Many family owned companies in Saudi Arabia have gone from being privately owned to being publicly listed on the stock exchange. How have your experiences been of this process?

When a company is just family owned, the levels of motivation to push for the maximum growth and develop the company to its highest possible potential are relatively lower than when a company is listed on the stock exchange. When you share the company publicly you feel more responsibility to improve returns and company performance as much as possible for your shareholders. I think overall that the company performance and the motivation of the management have increased significantly since the company was listed on the stock exchange.

At the same time, if there was a disruption in the family, there is a professional management team  available to tale forward the business and move through any issues such as this. Business continuity plans are helped significantly by being a publicly listed company. Our brand image is improved and the company operates more efficiently; as well as corporate governance standards being improved.

The Saudi Stock Market is often cited as being too reliant on retail investors and over-emotional as a result. What are your perspectives on the dynamics of the Saudi Stock Market?

Al Abdullatif Industrial Investment Company benefits from being perceived as a very strong and reliable brand throughout the Kingdom of Saudi Arabia. Up until now, investors have held onto the shares as they see the value in returns from their investments and nobody has tried to manipulate the performance of the shares either. Our shares are trading in a median range, and very much reflect the overall performance and sentiments throughout the Tadawul itself. We are very happy that our shares are being traded responsibly and are not being used to speculate. I think what underpins this is our dividend policy; we have a strong commitment to our shareholders and have consistently paid a quality dividend.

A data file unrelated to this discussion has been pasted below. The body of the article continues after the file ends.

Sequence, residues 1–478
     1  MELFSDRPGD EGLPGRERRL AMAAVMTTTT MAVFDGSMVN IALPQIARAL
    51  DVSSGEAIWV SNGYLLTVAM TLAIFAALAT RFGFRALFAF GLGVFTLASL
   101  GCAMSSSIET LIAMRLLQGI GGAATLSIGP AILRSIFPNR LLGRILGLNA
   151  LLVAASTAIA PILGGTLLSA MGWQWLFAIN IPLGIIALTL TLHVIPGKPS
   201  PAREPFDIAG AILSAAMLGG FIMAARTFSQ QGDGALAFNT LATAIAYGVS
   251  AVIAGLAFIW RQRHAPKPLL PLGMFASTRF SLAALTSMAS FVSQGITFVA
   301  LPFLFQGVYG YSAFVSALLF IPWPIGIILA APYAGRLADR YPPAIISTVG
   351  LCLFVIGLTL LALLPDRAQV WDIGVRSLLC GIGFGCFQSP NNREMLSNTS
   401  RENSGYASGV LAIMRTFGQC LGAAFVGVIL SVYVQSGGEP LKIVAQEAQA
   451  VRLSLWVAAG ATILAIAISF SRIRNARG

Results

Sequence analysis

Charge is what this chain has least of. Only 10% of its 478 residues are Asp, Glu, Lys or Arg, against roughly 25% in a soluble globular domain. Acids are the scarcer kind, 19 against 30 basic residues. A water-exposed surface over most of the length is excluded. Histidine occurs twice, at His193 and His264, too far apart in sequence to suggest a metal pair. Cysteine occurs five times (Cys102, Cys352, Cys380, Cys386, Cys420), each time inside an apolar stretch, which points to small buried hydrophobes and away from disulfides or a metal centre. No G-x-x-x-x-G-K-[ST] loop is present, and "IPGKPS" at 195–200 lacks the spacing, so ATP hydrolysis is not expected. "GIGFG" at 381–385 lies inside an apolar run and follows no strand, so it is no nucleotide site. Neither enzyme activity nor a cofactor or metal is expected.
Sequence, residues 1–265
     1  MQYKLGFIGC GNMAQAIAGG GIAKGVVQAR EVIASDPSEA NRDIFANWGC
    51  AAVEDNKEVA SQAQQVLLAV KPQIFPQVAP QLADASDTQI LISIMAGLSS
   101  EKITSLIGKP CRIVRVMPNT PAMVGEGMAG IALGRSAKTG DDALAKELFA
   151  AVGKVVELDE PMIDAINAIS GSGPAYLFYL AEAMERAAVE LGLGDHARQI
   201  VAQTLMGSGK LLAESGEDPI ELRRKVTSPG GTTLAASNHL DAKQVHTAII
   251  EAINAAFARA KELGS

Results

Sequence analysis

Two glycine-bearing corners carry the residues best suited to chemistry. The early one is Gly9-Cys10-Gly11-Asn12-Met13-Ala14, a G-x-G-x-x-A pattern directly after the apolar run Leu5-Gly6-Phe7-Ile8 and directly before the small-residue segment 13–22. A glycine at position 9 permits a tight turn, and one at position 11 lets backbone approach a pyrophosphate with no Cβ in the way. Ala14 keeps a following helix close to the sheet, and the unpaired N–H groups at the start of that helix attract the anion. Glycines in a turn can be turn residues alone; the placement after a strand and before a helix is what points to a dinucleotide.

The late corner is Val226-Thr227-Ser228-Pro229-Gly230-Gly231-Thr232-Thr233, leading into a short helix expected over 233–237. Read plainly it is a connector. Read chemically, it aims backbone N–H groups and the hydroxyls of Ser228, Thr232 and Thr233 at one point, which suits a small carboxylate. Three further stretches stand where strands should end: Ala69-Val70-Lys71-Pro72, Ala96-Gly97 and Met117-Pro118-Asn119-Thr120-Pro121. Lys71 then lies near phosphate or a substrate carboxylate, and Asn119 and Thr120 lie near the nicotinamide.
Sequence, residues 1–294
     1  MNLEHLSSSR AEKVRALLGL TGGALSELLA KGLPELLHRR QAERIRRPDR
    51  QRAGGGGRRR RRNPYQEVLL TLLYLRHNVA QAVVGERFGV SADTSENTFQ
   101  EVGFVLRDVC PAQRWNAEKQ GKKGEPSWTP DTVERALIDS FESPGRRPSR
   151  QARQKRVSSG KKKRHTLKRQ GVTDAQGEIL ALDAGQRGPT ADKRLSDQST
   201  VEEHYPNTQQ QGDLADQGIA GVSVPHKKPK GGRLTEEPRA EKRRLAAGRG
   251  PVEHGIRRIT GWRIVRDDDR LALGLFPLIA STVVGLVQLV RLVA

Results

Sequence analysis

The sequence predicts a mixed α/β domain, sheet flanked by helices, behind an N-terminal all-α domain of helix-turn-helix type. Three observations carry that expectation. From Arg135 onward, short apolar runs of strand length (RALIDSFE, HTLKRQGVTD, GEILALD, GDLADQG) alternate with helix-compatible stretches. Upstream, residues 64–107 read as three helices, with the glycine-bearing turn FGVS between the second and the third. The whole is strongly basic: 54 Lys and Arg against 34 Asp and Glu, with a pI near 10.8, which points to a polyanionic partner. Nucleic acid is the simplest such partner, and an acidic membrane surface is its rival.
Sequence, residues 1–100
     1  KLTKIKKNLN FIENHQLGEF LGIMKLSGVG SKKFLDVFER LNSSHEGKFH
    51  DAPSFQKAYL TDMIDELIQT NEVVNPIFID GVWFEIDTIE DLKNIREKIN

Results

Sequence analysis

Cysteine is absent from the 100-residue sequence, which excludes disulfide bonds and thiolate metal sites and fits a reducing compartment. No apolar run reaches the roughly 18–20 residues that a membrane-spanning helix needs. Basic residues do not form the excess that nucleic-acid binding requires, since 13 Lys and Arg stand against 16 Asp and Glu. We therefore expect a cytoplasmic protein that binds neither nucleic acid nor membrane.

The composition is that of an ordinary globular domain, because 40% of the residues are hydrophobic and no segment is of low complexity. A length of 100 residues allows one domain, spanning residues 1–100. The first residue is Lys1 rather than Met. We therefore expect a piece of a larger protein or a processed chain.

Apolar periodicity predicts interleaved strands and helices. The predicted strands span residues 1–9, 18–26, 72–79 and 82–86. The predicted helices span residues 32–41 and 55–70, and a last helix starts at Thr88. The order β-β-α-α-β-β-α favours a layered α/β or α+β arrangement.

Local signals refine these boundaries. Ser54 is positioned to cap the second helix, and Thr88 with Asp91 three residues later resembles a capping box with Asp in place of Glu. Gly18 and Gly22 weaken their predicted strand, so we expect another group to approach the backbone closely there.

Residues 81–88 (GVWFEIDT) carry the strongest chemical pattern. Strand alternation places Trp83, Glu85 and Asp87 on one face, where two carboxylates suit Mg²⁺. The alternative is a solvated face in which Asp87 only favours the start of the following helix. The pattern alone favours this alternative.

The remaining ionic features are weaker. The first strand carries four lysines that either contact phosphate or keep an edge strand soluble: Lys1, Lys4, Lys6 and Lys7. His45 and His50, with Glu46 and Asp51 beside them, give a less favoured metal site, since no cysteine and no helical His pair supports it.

What are your perspectives on the Saudi Stock Exchange opening up for international investment?

Al Abdullatif as a company is more than happy to work alongside international investors for the benefit of all parties concerned. I think that to begin with, we will just see major portfolio investors coming into the market and we are more than happy to share our success with such partners. At the same time, Al Abdullatif is a strong and stable company, we are by no means dependent upon external investment but are very open to helping with the success of this process as we see the long-term benefits for Saudi Arabia and the companies doing business in the Kingdom.

Al Abdullatif is a pioneering company having started as a trading company and now exporting many manufactured products to your original suppliers. What are your medium term strategic objectives for the company?

We originally started as a company for finished products, and then moved into vertical integration. What we have now identified is a huge demand for semi-finished products and to develop further into operating as a finished product manufacturer; but at the same time outstripping growth in the market by developing as a supplier to other carpet manufacturers. This is changing our export composition with a greater focus on other manufacturing locations; but at the same time bringing greater stability into the market as we expand throughout the value chain.

As it stands, Al Abdullatif presently exports to some 60 countries throughout Asia, Europe and the Americas. We are now starting to investigate potential markets in Africa as well such as Ghana, Nigeria, Ethiopia and Sudan. We are currently working on even furthering expanding our brand globally and our export partners worldwide. 

  0 COMMENTS